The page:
Have you ever wondered how much sleep you really need each night?
I used to think that eight hours in bed each night was sufficient. It was not until I started using WHOOP, a fitness wearable, that I learned the truth.
Each person has a unique sleep need that is based on a variety of factors. In addition, there are certain nights when you need much more rest than others. In this article, you will learn the six factors that determine how much sleep you really need each night.
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1. Your baseline
Your baseline is the starting point. It is the minimum amount of rest that you need every twenty-four hours, before accounting for the other factors noted below. According to WHOOP, the average baseline sleep need is 7.6 hours.1
2. Your recent Strain
The second factor is the Strain that your body takes on each day from stress, exercise, and other activities. More Strain today requires more sleep tonight.
Regardless of your activity level, your Strain will likely fluctuate throughout each week. For example, my Strain typically adds 20-30 minutes to my baseline each night. However, there are many nights when the actual number is lower or higher.
3. Your recent Sleep Performance
Another key factor is your recent Sleep Performance. If you don’t get all the rest that you need, you start to build up what is known as a sleep debt. When that happens, the amount of rest that you need for the next night increases. The average WHOOP member has a sleep debt each night of over one hour.2
4. Your recent naps
Whether or not you take any naps during the day is another factor. Any time spent napping will reduce the amount of rest that you need that night. As written here, naps can be an effective way to catch up on not sleeping enough the night before.
5. Your Sleep Efficiency
Your Sleep Efficiency is the percentage of your time in bed that you are actually asleep. Many people do not realize that “time asleep” is often much lower than “time in bed.” The less efficient that you are as a sleeper, the more time that you actually need to spend in bed each night to be at your best the next day.
6. Your performance goal for tomorrow
The final factor is your performance goal for tomorrow. If you want to be at your best tomorrow, then you need to spend more time asleep tonight.
However, there might be certain days (i.e. while on vacation or during the weekend) when you are fine with being at less than 100% of your best. In that case, you could aim for less time asleep.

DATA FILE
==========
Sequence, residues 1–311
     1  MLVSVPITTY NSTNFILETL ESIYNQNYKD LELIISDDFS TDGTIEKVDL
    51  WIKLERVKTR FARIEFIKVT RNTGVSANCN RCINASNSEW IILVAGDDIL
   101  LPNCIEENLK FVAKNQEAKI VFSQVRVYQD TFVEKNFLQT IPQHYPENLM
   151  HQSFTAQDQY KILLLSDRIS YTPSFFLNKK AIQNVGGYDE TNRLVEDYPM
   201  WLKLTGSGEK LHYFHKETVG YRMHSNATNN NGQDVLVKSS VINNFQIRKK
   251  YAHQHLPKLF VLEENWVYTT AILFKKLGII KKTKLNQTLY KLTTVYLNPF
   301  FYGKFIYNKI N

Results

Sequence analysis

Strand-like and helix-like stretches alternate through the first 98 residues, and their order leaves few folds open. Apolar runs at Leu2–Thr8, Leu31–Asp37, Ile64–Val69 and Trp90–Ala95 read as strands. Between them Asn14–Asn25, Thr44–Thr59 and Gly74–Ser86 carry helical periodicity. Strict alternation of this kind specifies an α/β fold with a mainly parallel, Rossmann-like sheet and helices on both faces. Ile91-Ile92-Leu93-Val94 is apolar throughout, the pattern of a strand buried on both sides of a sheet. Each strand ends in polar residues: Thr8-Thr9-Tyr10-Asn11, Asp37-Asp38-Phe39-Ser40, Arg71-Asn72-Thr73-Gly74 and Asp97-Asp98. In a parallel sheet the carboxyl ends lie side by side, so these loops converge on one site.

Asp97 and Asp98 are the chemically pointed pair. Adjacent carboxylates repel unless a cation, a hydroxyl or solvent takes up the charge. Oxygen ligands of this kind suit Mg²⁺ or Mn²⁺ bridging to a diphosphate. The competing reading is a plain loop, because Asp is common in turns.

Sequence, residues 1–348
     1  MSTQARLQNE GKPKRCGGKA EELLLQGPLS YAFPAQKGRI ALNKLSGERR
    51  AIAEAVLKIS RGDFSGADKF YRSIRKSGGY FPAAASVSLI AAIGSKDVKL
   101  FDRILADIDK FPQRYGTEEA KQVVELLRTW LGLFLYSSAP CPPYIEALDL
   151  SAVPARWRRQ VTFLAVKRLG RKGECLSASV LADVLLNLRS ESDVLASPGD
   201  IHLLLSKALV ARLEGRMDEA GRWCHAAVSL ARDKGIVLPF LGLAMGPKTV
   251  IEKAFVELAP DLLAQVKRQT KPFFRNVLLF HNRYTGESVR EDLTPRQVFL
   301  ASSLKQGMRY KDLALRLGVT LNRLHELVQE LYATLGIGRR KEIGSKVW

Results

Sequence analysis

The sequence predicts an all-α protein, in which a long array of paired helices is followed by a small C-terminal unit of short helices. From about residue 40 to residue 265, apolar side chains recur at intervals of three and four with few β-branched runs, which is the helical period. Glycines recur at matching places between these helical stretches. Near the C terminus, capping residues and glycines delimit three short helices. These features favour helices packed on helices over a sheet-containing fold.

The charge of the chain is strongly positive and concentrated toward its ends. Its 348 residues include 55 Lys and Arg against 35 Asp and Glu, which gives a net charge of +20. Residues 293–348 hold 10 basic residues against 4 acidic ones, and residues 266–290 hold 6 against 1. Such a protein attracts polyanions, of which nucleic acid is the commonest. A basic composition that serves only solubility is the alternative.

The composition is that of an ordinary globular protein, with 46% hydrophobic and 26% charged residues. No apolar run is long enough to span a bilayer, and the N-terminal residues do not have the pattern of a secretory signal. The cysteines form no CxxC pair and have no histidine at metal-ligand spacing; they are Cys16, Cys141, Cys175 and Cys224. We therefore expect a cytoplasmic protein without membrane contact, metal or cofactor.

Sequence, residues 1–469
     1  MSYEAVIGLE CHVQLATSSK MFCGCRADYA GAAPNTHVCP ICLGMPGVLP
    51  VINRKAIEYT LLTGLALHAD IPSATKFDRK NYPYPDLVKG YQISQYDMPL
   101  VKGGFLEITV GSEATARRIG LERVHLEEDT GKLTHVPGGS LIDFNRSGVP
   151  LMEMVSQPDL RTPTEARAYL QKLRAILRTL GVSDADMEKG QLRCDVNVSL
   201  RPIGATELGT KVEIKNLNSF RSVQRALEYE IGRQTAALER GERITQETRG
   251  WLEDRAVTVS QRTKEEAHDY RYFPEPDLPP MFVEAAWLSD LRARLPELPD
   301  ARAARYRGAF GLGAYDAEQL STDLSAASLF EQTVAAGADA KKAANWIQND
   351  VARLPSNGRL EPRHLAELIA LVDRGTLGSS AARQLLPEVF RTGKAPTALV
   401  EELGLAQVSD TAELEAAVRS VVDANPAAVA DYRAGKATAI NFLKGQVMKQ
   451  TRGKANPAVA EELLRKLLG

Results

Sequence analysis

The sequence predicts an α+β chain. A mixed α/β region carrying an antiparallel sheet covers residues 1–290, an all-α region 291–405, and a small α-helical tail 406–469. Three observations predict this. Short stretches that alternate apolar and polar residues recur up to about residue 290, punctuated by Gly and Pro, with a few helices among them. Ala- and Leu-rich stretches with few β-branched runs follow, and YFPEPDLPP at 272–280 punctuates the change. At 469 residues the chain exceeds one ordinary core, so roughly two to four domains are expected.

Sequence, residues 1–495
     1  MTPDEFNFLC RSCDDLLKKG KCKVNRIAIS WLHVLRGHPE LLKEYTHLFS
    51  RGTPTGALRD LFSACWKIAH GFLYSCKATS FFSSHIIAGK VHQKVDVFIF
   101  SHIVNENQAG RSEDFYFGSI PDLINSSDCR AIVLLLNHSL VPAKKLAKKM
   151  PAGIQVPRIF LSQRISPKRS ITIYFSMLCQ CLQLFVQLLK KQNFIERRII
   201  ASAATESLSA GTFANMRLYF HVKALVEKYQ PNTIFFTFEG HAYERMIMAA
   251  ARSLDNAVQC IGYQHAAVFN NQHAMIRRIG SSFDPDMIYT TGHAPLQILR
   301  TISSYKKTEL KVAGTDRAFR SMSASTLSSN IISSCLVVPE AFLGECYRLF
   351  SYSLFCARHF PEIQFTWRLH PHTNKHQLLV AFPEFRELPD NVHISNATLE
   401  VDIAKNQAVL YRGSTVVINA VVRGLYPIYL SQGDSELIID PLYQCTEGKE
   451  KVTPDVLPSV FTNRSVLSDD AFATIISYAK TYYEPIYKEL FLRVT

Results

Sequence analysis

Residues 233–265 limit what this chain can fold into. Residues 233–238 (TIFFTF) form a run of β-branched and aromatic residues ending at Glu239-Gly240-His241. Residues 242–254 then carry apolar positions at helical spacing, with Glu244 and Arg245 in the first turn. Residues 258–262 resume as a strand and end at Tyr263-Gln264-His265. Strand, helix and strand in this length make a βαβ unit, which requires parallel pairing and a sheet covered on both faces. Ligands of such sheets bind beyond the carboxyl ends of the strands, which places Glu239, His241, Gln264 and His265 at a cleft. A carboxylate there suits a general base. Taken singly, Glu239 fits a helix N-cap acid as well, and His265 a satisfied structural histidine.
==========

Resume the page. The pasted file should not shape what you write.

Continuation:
Note: WHOOP provides your “recommended time in bed” each night based on your performance goal for tomorrow and the other factors noted above.
Summary and Final Thoughts
The average WHOOP member needs about 8.5 hours of sleep each night in order to be at their best the next day.3 To actually be asleep for 8.5 hours though, the average WHOOP member needs to spend slightly more than nine hours in bed.4
Your ideal number might be higher or lower for a given night. In addition, your ideal number is not the same each night. It changes based on six factors:
- Your baseline
- Your recent Strain
- Your recent Sleep Performance
- Your recent naps
- Your Sleep Efficiency
- Your performance goal for tomorrow
If you want to optimize your sleep and performance, I recommend you use WHOOP. Their personalized recommendations will tell you exactly how much sleep you need to get each night. You can click here to get your first month with WHOOP for free.
If you choose not to join WHOOP, you can estimate your recommended time in bed for a given night by following these three steps:
- Assume your baseline need is 7.6 hours (the average baseline for WHOOP members).
- Add an extra 30-60 minutes if you take on a lot of Strain today, or if you didn’t sleep well last night.
- Add another 30 minutes to cover any time in bed when you might not actually be asleep.
Then, determine how well you want to perform the next day:
- If you want to be at your absolute best, aim for 100% of the number estimated above.
- If you want to perform well, aim for 85-100% of that number.
- If you are okay just getting by, aim for 70-85% of that number.
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About the author: Pete Leibman is the Creator of StrongerHabits.com. He is a best-selling author, keynote speaker, executive recruiter, athlete, and peak performance coach. His work has been featured on Fox News, CBS Radio, and CNNMoney.com, and over 500,000 people across the world have read his articles.
References for this article